At the same time, it’s not clear when or if Palestinians would be allowed to return to Gaza City and much of the north — home to some 1.2 million before the war — where entire neighborhoods have been flattened.

The fighting in and around Khan Younis threatens to bring similar destruction to the south, and has already pushed tens of thousands toward the town of Rafah and other areas along the border with Egypt. It has also hindered the delivery of humanitarian aid to most of Gaza, putting even more pressure on people to head south.


Israel says it tries to avoid harming civilians and blames their deaths on Hamas, saying it endangers residents by fighting in dense areas and positioning military infrastructure — including weapons, tunnels and rocket launchers — in or near civilian buildings.

The military said Sunday that troops killed armed men as they left a clinic, and that forces operating in Jabaliya found a truck full of long-range rockets near a school. In a home in Jabaliya, soldiers found a rifle, two rocket-propelled grenade launchers and explosives, it said.

Israel has urged people to flee to what it says are safe areas in the south but has continued to strike alleged militant targets throughout the territory. Associated Press reporters saw nine bodies brought to a local hospital on Monday after an airstrike hit a home in Rafah overnight.

The aid group Doctors Without Borders said people in the south are also falling ill as they pack into crowded shelters or sleep in tents in open areas.

Nicholas Papachrysostomou, MSF emergency coordinator in Gaza, said “every other patient” at a clinic in Rafah has a respiratory infection after prolonged exposure to cold and rain.

“In some shelters, 600 people share a single toilet. We are already seeing many cases of diarrhea. Often children are the worst affected,” he said.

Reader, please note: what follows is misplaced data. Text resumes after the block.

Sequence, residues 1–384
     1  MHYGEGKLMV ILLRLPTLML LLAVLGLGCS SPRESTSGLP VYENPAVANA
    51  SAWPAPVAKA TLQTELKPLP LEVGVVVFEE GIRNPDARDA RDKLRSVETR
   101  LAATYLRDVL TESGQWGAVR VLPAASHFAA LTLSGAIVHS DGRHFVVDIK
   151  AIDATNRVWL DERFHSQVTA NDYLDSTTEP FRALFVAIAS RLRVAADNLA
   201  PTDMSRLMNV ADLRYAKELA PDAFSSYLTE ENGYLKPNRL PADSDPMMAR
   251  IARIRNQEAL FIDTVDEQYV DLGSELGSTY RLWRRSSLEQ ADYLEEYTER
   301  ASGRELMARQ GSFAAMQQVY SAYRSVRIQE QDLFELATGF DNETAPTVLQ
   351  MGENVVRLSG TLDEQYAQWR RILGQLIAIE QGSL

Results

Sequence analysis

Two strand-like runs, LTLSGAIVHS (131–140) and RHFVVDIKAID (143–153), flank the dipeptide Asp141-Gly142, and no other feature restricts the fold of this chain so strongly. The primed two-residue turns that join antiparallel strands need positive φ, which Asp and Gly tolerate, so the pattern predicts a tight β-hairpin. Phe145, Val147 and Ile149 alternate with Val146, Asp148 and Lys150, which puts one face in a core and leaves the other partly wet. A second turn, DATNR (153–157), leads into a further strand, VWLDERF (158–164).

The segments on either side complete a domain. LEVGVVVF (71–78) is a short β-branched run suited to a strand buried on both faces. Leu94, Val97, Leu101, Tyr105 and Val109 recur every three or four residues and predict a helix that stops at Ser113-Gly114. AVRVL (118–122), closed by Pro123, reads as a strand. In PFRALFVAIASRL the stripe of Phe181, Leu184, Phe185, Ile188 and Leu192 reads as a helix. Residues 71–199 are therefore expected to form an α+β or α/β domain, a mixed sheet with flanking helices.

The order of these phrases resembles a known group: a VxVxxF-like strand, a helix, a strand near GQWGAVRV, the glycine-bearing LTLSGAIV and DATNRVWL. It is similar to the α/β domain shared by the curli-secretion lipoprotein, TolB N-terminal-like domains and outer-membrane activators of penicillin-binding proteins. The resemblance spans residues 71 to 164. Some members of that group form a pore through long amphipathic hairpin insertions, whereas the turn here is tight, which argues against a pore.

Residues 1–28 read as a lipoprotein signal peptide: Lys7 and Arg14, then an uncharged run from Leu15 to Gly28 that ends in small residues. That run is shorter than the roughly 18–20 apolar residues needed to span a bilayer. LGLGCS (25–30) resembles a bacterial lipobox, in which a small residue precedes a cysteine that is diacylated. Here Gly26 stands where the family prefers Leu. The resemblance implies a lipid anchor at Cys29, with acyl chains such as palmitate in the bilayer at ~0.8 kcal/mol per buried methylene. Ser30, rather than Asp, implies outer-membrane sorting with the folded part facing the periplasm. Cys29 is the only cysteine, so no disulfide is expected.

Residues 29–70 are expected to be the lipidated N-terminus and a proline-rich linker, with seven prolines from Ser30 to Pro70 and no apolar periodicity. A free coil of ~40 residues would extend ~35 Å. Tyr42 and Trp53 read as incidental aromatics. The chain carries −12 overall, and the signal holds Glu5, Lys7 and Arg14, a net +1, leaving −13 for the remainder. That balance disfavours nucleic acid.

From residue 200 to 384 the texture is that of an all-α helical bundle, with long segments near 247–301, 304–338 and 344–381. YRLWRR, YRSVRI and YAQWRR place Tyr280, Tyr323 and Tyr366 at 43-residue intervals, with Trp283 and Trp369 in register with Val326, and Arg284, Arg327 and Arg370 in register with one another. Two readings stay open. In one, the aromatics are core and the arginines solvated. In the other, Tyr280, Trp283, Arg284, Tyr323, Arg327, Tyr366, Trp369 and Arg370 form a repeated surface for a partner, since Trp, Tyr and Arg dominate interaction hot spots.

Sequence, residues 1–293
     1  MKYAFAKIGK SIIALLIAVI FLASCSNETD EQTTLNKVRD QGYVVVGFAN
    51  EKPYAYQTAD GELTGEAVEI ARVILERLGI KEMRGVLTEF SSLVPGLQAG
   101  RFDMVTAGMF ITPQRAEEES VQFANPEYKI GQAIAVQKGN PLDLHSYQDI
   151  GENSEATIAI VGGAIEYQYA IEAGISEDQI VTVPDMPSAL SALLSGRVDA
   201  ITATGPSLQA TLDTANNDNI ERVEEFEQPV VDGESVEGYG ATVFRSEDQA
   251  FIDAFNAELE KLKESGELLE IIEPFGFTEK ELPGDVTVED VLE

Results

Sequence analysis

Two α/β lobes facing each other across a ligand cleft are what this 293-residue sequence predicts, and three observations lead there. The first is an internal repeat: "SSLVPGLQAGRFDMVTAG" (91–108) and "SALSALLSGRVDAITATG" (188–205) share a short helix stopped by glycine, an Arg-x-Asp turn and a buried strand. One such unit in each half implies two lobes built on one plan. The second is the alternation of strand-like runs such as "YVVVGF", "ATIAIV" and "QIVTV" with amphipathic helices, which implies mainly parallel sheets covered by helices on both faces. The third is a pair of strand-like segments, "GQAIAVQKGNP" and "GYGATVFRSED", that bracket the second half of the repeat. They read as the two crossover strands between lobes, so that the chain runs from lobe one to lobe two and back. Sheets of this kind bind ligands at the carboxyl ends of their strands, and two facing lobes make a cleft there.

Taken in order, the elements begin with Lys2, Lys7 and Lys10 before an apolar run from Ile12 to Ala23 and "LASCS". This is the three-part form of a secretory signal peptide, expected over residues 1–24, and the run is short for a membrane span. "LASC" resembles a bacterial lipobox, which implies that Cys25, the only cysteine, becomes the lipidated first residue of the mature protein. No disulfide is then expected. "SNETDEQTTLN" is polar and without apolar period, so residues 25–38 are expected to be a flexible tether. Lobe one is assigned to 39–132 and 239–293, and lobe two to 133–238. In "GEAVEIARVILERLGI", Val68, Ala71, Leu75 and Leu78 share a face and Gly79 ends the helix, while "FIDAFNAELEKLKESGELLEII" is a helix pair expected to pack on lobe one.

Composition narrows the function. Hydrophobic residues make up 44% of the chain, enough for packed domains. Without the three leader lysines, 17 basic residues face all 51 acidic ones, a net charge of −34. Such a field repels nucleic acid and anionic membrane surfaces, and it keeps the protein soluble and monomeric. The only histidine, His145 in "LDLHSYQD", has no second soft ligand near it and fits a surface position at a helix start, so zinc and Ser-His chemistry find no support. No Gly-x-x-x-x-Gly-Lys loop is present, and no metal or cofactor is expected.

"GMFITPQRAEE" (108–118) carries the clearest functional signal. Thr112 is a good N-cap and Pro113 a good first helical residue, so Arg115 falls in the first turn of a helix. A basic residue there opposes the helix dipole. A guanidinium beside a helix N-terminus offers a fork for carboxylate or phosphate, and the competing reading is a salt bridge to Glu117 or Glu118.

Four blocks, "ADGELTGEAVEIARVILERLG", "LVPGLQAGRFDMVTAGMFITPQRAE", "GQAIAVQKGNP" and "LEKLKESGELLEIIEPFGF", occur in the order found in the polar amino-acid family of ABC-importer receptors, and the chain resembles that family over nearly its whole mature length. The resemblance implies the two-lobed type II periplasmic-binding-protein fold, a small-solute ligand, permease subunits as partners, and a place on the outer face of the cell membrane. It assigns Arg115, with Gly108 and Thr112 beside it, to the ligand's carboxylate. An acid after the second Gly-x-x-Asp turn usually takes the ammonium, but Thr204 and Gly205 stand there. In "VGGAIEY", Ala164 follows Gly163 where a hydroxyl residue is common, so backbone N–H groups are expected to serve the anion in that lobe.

With the war in its third month, the Palestinian death toll in Gaza has surpassed 17,900, the majority women and children, according to the Health Ministry in the Hamas-controlled territory. The ministry does not differentiate between civilian and combatant deaths.

Some 1,200 people have been killed on the Israeli side, mostly civilians killed during the Oct. 7 attack, in which Hamas and other militants also captured more than 240 people, including babies, women and older adults. More than 100 captives were released during a weeklong cease-fire late last month in exchanges for women and minors held in Israeli prisons.

Israel says Hamas still has 117 hostages and the remains of 20 people killed in captivity or during the Oct. 7 attack. Most remaining hostages are soldiers and civilian men, and the militants hope to exchange them for Palestinians imprisoned by Israel.

The military says 101 Israeli soldiers have died since the start of the Gaza ground offensive. Palestinian militants have continued firing rockets at Israel, though the vast majority have been intercepted or landed in open areas without causing casualties or damage.


Magdy reported from Cairo. Associated Press writer Tia Goldenberg in Tel Aviv, Israel contributed.